Author: sjnorth

Imagined communities: The alt-left on Twitter

In January, I joined a team of researchers in Amsterdam to explore the online communities of ‘Alt-left’ and ‘Antifa’ using data from Twitter and Reddit. This was one of many projects all taking place as part of the Digital Methods Initiative Winter School, organised by the University of Amsterdam.

In particular, we wanted to use the data to find out whether the so called ‘alt-left’ represents a genuine community or if it’s simply a construct of the alt-right in the latter’s attempts to promote a false equivalence, as has been claimed.  We were also curious to establish whether alt-left overlapped with Antifa online, or if they were two distinct communities.

We arrived at the following research questions. This blog post will focus on the first two only.
1. Does the ‘Alt Left’ exist (to Antifa)?
2. Could the ‘Alt Left’ be considered an Alt Right construct?
3. Is the ‘Alt Left’ as a notion mainstreaming?
4. How did the ‘Alt Left’ emerge? How to characterise the
Alt Left’s identity (semantically)?

For the first question, we collected a list of top 20 hashtags associated with both ‘alt-left’ and ‘Antifa’ keywords. We found very little overlap between the two groups. Notably, the discourse of the alt-left (shown in green below) consisted of more words that could be considered ‘mainstream political dialogue’, compared to the ‘Antifa’, which seemed more fringe.

The latter’s hashtags contained references to lesser-known terms such as ‘democratTerrorism’, along with the names of some Japanese Antifa groups. From this data, we could reasonably conclude that the alt-left and Antifa are separate, distinctive discourses.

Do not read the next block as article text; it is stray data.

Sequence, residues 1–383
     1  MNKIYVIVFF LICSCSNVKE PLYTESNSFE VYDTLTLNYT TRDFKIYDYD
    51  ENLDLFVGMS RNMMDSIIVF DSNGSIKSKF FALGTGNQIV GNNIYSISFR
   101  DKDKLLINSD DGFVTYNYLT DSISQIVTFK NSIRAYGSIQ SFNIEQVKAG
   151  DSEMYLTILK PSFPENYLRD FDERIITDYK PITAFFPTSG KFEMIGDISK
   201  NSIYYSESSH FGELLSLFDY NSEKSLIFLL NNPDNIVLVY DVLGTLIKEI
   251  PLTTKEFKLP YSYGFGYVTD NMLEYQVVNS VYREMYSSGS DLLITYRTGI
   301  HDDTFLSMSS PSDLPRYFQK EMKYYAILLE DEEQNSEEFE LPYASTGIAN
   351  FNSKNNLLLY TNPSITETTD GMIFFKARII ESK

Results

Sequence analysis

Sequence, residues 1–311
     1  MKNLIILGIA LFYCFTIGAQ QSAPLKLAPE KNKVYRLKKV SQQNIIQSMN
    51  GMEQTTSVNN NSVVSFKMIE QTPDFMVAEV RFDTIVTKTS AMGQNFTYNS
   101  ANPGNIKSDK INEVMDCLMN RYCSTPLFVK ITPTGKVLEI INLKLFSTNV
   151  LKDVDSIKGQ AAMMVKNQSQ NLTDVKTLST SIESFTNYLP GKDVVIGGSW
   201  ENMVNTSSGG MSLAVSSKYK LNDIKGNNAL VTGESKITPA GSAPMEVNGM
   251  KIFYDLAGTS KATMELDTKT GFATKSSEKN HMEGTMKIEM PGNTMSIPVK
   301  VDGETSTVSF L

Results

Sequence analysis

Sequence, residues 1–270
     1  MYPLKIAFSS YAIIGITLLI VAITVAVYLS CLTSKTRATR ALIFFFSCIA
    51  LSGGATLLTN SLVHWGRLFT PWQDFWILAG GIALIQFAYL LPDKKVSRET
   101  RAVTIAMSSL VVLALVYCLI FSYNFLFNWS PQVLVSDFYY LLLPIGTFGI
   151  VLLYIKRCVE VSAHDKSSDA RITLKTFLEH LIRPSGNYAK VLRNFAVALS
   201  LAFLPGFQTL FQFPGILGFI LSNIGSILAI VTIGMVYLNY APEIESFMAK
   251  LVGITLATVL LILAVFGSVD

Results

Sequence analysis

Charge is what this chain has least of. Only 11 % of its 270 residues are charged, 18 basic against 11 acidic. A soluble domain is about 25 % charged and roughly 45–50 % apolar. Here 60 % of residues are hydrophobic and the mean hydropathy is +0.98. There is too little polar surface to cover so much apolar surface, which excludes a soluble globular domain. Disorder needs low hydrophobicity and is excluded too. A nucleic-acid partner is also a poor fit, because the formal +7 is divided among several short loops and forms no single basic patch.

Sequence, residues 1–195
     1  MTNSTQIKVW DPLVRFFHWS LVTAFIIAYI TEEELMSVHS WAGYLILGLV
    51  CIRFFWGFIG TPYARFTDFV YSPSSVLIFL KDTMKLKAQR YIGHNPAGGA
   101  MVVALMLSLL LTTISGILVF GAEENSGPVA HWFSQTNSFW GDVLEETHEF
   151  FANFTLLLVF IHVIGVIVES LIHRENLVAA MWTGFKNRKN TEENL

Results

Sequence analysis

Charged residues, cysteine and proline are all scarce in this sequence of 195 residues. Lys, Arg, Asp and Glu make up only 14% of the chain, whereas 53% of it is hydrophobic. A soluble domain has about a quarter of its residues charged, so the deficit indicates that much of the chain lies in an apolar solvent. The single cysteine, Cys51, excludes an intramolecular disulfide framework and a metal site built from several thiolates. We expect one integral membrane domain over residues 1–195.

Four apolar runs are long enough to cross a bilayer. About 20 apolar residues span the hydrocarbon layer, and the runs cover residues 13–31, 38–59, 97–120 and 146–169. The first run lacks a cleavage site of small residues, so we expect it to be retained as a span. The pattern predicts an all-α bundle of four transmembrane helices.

The term ‘alt-left’ arrived in the mainstream after Donald Trump used it when talking about the violence around the ‘Unite the Right’ rally in the US city of Charlottesville. He condemned groups on both sides of the violence, saying: “What about the alt-left that came charging at, as you say, at the alt-right?”

Subsequently, there has been discussion in the mainstream media about whether alt-left really exists. It could simply be a construct of the far-right as it attempts to gain moral ground against its opposition by creating a false equivalent that can be painted as equally, if not more, violent.

The next section of our research examined this question in more depth, using Twitter data to give a clearer picture. We compared the top 50 Twitter users for both the #altleft and #Antifa hashtags, by looking more closely at their bios and timelines.

Right-wing conservative Trump supporters dominated the alt-left group, while the Antifa group was populated by a strange mix of accounts posting ebay related tweets and tweets in Japanese promoting the ‘Antifa Handbook’.

A deeper dive, this time into the most influential hashtag users (influence = most followed), produced illuminating results. For both keywords, we identified the majority of influential users as pro-Trump conservatives, with the exception of one rather prolific Japanese bot.

We found three significant users who overlapped with both terms: both pro-Trump. The common thread connecting both altleft and Antifa hashtag users appears to be their support for Trump, rather than specific alt-right features.

The below Gephi graph shows the different communities grouping around the Antifa keyword on Twitter. As can be seen, the biggest cluster represents American, right-wing Trump supporters.

We also created an equivalent for the alt-left hashtag communities. This graph is less consistent, but the striking feature about it is the large purple cluster, with one Twitter account ‘kwilli1046’, at its centre, meaning this user is extremely influential.

A screenshot of his profile is shown below. ‘Kevin W’ has around 88k followers and a bio link to a page on Gab, the alternative ‘free speech’ social networking platform where many of the far-right have ended up after being kicked off Twitter.

In conclusion, we found that the ‘alt-left’ does not exist outside of an online construct. In addition, the alt-left is mainly a term propagated by pro-Trump accounts in their attempts to create a ‘faux-public’. With so many of these accounts being pro-Trump, this could potentially point to the use of state-sponsored bots and organised trolling to push the alt-left as a form of disinformation. This could be a worthwhile topic for building on the findings of this research.


Can ‘Online Surges’ Drive Long Term Attitude Change?